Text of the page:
Back to Allison's question -- I guess (at least in the minds of the big box stores) the vampires are all goth guys.


I got itchy trigger finger about a week ago.
I had TiVo'd a show on Comedy Central because it ran an amazing commercial, and I had wanted to grab a couple of frames before I deleted it. Oops... gone, and I haven't seen it since.

I had thought it was just off the wall, until Denise chimed in with this spot-on observation: The white girl uses her brains to overcome the sexually predatory, bionically enhanced (and probably much less intelligent) black girl.

The ad is for Amp'd, which ran another racially stereotypical ad that raised eyebrows earlier this year:

...a [white] guy standing on a bus is playing with some device, when he commands two guys in the back to start fighting; they comply. He then tells some guy with a boombox to crank up some old funk tune; up comes the beat. Then he turns to a black woman and commands, "You, shake your junk". She gets up, grabs the pole that's conveniently right there, and turns the bus into a stripper's workout room, shaking her prodigious junk for all it's worth (and I'll argue that only until pornified rap videos became commonplace did a whole lot of people know this colloquial meaning of "junk").

It's hard to isolate the more troubling part of this brief scene: is it that a white man can command a black woman to "shake your junk" as though neither of them had ever left the strip club (or worse, the plantation), or that she does it without complaint? At least she keeps her clothes on. Then again, this is a 30-second ad for a mass-market product....

– Mark Reynolds: Modern Day Hottietots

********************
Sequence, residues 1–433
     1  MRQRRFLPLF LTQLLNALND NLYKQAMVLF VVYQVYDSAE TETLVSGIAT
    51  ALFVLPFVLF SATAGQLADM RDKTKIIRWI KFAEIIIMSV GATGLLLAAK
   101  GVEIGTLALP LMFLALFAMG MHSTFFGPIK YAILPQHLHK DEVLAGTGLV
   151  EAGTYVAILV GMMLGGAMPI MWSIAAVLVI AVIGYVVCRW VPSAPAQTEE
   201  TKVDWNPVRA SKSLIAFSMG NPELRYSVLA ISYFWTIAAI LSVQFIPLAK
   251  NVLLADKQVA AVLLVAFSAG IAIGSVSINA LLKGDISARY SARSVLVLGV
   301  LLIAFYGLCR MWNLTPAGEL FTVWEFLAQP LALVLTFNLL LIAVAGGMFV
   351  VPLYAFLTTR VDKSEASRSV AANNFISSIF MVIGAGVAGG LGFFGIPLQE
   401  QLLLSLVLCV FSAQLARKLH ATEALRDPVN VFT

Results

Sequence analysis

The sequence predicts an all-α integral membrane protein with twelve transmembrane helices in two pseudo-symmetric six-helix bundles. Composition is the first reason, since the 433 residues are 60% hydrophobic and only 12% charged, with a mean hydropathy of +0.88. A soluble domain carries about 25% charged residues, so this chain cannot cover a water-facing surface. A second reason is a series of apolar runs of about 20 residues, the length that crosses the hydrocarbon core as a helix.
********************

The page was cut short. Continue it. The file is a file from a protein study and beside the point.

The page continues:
Ads can't debunk any of the stereotypes they employs, because that would take up too much the marketing bandwidth. An acquaintance of mine used to talk about ‘vampire video—’ advertising that captured the viewer's attention but didn't drive home product recognition. So, ads have to rely on stereotypes and archetypes that are intrinsically accepted at face value — ideas that have a certain truthiness (thanks, Stephen). And while a commercial can't waste message debunking stereotypes, they often blithely reinforce marginal ones.

When we look at commercials as a collection of symbols, the black woman tends to read as all black women, while a white guy will typically be read as all guys. [Notice that the quote I pulled from Mr. Reynolds' article even glosses over the race of the guys, but the woman is explicitly called out as being black.]

Advertisers have the sole agenda of selling product. If they're willing to program kids to pester their parents for things [see The Corporation], they're not likely to have much conscience about reinforcing racism. Making it seem funny or edgy just makes it go down easier... And besides, if Too Live Crew can do it, so can Amp'd, right?

Which brings me to this:

Why Don't Blacks Support Republicans?
Because when their campaigns are desperate they always go back to the well of racism. The Republican party is running in Tennessee on a platform of the big black buck coming for the white women.

That's something of a turn-off to black voters.

– Olliver Wills

This one is quite crafty, as Josh Marshall points out:

But then you see that one 'man on the street interview' isn't quite like the rest. It's almost like those old Sesame Street segments, one of these things is not like the other.

It's the one spot with the platinum blonde with no visible clothes on, vamping "I met Harold at the Playboy Party."

What policy issue is she talking about? It's not connected to anything. It's just, 'I'm a loose white woman. I hooked up with Harold at the Playboy mansion. And I can't wait for him to do me again.'

Talking Points Memo 10/24

See for yourself...

An insidious aspect of this kind of advertising, is that it leaves a lot of margin for deniability, much as in the recent case of Dick Cheney's insistence that he simply meant dunking ‘detainees’ (we can't call them prisoners, after all) in water – and not the technique known as ‘waterboarding’ (aka simulated drowning) – when he said some interrogation methods are a ‘no-brainer.’ He left it to his mouthpieces to handle the rest of the dissembling.